Opportunity and Aspiration

It was a manic morning of vacuuming, folding, and mopping. The scent of baked goods mixed with the smell of fresh-cut alfalfa pushing through dancing kitchen curtains where pans of confections cooled. My father urgently demanded that I bathe and put on church cloths as he emerged mid-day from the bathroom clean shaven, wreaking of Aqua Velva and wearing a freshly pressed short-sleeved madras shirt rather than his field clothes. All this primping and scurrying signaled one thing: we were getting visitors to the farm. Relatives were coming, relatives from far away.

Uncle Andrew and Aunt Gladys moved to the west coast in the late 40s and did well for themselves. Every few years they would return during the summer and pull into the driveway with a spotless car that had never seen salty winter roads. It was like an alien spaceship with exotic license plates and leather interior, unlike our pick-up truck with homemade blankets on the bench seat that kept stray coils from poking us in the butt. Their clothes, their accents, the way they spoke, the way they spoke to me, and the things they said were so different from anything I knew. They came to represent everything “out there.” Like Steinbeck’s Jody in The Red Pony, they brought a world to me that was beyond the horizon, beyond what I knew.

Some years ago I watched the documentary Hoop Dreams, which I highly recommend. It was about two inner-city boys who used basketball to get beyond their reality. I came away from that movie understanding that the two most important driving forces in their lives were opportunity and aspiration. They may not have known anyone in their neighborhood working in professional fields but legends existed of others who were given an opportunity to change their circumstances because of what they could do on the court. Likewise, seeing the possibilities my relatives represented allowed me to aspire to my own. Opportunity and aspiration is even more important for the LD person. It’s hard enough at times to find those things we aspire to, not to mention the opportunities to do so, while balancing the differences that we live with. So, how do we ensure that the LD person has both? Think about how opportunity and aspiration have influenced your life and write me a note.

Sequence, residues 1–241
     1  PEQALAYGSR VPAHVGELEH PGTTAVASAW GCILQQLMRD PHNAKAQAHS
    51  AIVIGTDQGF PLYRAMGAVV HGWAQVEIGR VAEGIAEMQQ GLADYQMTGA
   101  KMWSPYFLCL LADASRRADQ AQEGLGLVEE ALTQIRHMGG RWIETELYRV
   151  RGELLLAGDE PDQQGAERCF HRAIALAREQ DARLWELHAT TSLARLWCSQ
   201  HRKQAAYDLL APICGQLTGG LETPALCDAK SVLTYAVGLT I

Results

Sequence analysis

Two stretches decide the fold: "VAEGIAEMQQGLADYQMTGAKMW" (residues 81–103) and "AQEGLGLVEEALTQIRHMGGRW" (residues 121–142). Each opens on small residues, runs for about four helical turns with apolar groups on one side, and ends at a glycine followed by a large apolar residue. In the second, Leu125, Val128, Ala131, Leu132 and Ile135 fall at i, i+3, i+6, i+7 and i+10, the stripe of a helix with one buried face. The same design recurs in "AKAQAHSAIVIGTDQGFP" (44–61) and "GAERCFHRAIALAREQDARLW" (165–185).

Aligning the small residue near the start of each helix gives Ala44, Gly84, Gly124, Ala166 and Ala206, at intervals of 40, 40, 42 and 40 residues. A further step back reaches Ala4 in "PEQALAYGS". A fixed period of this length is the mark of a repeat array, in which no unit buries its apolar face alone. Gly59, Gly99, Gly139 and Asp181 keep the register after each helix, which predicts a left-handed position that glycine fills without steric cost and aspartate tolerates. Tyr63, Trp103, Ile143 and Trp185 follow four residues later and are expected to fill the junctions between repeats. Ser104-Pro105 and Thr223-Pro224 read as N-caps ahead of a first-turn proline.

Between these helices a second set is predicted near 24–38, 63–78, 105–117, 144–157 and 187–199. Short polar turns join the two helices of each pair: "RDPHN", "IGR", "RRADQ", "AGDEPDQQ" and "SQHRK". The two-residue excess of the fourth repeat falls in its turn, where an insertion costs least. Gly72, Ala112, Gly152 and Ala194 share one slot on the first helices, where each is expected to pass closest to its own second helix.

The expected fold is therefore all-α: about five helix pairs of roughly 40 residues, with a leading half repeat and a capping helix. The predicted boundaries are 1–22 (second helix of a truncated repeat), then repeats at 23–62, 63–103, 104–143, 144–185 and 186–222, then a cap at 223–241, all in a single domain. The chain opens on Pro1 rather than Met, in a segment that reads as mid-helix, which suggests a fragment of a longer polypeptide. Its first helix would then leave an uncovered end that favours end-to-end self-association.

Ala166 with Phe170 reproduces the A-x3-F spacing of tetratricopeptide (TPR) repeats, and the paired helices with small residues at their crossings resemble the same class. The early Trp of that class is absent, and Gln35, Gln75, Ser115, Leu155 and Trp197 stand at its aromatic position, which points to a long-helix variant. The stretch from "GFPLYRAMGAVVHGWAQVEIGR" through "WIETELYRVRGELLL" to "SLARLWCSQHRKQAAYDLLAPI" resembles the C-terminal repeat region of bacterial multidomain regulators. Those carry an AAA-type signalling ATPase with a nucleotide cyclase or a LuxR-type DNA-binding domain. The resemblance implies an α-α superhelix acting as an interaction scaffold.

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About marty castleberg

I grew up on a farm along the banks of the Upper Mississippi River in Wisconsin. I overcame my school experience to earn a PhD in Organizational Learning at The Union Institute and University. I developed curriculum for adults and taught at a small liberal arts college. Consulting and research in organizational learning with a group that started at MIT segued into ten years of field research at Harley-Davidson, where I was their Learning Historian/Reflective Analyst. I left consulting to learn the craft of writing that went beyond academic studies, organizational narratives, and the occasional essay. I thought the result would be humorous travelogues and essays, but what eventually emerged was much different. With all the theoretical understanding that I amassed about living with LD, I still didn’t understand; that’s why Dave showed up. If you don’t count my eight guitars and four bikes, I live a very simple life in San Francisco.
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2 Responses to Opportunity and Aspiration

  1. I love that story. But I love it from a different perspective.

    As the youngest grandchild of Andy and Gladys, I saw a different side of them. I’d heard of their younger, wilder (relatively speaking) years. But I always knew that my grandpa Andrew was an entrepreneur, and adventurer, and fearless. He was an inspiration to me always, but especially in my late teens and early twenties. When he was in his late 80s, he wrote his autobiography and self published it. He learned word perfect using DOS. He walked 3 miles every day. And he liked to listen to big band and swing music in his kitchen when he cooked. He had a pet goldfish, and kitten/cat sit for me.

    I love that they/he was an inspiration for you Marty, and that he was for me as well, but for completely different reasons. What that tells me, is that he was a ‘gift from the universe’, an inspirational person for all who are open to the subtleties that he offered.

  2. Thanks Katie. You don’t know this but your granddad was an inspiration for me later in life as well. I visited him after Gladys passed and saw his activity and the writing he did, something he started very late in life. I realized that I could do the same. I can’t say this for sure but who knows if Daveland would’ve been a reality if not for that picture I carried back with me in my head after my visit. I also have that actual picture of him I keep on my dresser. That one the kids made where he was wearing the floppy hat, looking oh so very literary.

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